The safety of our employees, clients, and community is our primary concern. Due to the county’s recent shelter-in-place order, our physical offices are currently closed. Our attorneys are still working and are available via email and phone. A staff member will gladly assist you by phone or you may refer to our website for each attorney’s email address, assuming you do not have it already.

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We wish you continued good health and look forward to reopening our physical offices soon. In the meantime, please stay safe.

Strategically Overcoming
Complex Problems

Trouble with your child? Parenting plans are necessary

There are many parenting issues that people deal with when they raise a child. Among them include common issues like having trouble getting your child to eat well or dealing with a child’s digital-device addiction.

When you and your ex-spouse navigate these parenting issues, it can be more complicated than normal. You may both have different ways of approaching the problems your child has, which can create a conflict.

How to make your parenting more cohesive after divorce

After a divorce, you can make your parenting more cohesive by creating a parenting plan that contains details on how to handle problem behaviors. For example, if you and your ex-spouse have differing opinions on the addictive nature of video games, you may decide to limit game time to an hour a day. Both of you need to talk through what you’re comfortable with allowing so that you can both stick to the same plan.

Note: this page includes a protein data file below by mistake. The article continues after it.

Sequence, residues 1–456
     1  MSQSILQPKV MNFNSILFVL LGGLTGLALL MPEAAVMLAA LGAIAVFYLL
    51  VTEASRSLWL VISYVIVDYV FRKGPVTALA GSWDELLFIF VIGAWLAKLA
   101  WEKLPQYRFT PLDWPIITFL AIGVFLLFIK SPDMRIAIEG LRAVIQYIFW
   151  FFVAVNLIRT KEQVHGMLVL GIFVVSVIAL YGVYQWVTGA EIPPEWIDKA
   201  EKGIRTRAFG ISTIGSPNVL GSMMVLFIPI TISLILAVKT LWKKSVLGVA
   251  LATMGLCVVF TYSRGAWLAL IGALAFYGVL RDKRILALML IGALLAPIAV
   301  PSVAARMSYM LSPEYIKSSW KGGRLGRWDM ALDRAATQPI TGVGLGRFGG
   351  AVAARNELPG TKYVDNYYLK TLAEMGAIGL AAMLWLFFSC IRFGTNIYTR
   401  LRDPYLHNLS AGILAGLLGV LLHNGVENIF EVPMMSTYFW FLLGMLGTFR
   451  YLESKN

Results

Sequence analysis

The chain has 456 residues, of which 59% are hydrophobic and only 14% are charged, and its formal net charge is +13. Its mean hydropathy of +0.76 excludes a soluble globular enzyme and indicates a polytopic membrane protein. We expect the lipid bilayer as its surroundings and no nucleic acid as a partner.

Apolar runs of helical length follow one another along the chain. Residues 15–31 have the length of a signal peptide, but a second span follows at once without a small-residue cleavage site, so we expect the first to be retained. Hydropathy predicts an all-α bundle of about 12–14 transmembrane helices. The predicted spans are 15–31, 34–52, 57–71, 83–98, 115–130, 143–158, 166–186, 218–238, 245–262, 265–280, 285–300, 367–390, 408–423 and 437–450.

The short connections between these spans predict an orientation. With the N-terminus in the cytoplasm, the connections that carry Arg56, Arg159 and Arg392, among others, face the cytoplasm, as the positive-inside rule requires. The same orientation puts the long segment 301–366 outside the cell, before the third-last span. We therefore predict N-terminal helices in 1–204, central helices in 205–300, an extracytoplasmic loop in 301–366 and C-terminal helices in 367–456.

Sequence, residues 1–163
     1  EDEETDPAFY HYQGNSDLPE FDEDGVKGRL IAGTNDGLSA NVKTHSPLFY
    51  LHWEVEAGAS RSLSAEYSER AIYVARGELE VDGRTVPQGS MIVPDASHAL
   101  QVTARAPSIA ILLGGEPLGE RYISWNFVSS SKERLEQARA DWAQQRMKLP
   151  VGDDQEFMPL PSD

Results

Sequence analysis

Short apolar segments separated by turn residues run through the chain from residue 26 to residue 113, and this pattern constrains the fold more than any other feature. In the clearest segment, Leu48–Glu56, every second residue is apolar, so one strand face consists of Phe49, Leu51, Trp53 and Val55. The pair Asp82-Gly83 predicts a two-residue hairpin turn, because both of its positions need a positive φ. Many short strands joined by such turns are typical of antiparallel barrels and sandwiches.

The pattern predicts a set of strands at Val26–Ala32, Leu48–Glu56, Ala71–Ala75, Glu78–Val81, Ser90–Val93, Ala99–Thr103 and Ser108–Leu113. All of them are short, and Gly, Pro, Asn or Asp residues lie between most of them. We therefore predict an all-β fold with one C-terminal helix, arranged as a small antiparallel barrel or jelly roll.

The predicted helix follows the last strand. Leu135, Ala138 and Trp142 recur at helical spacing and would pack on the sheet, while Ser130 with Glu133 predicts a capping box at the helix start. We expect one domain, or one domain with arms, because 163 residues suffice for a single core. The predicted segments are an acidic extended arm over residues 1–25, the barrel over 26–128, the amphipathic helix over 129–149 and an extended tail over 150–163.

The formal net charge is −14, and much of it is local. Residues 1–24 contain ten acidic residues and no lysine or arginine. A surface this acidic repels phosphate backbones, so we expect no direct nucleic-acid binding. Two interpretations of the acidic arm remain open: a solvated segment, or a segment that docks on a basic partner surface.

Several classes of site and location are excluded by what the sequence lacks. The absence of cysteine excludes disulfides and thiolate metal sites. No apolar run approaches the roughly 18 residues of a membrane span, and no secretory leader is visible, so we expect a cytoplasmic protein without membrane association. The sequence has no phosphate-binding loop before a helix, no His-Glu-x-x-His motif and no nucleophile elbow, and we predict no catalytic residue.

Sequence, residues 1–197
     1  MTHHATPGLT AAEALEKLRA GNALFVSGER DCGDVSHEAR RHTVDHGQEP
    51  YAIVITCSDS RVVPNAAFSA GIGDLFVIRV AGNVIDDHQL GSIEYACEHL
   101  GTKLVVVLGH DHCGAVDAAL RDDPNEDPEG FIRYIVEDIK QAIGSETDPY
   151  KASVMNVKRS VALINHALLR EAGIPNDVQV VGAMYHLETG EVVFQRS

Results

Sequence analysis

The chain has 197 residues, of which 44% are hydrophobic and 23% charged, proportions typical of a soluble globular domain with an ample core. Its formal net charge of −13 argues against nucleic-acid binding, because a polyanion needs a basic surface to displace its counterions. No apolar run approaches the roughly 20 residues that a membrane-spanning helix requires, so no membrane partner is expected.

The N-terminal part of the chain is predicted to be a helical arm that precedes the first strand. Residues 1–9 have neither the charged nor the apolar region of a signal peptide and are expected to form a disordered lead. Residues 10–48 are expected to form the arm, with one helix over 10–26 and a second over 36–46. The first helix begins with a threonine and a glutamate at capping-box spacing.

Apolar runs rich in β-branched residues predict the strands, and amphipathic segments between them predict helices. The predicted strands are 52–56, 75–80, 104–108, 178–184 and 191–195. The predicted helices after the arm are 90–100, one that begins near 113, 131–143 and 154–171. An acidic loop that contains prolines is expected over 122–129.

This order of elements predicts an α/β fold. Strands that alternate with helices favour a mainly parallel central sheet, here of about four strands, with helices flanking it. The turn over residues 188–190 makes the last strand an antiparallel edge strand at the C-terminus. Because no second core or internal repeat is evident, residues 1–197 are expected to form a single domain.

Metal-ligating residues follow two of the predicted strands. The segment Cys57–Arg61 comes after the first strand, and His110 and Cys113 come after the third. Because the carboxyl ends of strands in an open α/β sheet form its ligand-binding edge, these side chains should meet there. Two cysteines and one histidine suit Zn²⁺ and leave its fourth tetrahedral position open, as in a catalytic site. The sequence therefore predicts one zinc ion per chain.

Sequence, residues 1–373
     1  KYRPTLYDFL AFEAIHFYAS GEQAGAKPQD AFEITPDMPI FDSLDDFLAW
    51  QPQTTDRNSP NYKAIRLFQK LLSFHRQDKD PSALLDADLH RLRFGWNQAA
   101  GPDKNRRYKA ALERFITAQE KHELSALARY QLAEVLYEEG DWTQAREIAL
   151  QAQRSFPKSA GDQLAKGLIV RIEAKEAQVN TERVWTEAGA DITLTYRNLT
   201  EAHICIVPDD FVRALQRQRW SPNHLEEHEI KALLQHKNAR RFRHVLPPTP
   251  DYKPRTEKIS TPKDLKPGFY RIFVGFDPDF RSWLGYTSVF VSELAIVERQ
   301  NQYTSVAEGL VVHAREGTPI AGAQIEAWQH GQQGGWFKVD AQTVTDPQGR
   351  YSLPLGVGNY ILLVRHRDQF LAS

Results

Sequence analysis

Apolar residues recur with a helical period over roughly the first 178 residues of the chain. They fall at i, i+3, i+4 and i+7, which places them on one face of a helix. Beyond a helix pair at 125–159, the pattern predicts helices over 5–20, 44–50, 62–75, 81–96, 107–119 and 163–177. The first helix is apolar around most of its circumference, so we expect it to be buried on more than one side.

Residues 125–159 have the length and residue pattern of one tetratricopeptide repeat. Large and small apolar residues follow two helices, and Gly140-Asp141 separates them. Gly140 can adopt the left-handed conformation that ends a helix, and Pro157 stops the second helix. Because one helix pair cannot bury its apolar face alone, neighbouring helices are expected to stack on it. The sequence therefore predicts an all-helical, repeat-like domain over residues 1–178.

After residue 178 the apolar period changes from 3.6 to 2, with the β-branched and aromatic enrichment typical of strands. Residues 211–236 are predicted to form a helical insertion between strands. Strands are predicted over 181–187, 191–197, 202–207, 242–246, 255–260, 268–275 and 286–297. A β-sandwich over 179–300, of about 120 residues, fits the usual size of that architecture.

Other problems, like a child not eating at one parent’s house, could be more troublesome. Anxiety, depression and other issues could make a child less likely to eat in one situation than in another, so it’s important that you’re both informed if a more serious problem is at hand. If a child is struggling with the transition from one home to the other, changes to a custody schedule or therapy might be in order.

Your family law attorney can help you devise a parenting plan on which you both agree. That way, it will be very clear what either parent can or cannot do when your child displays unusual or disruptive behaviors.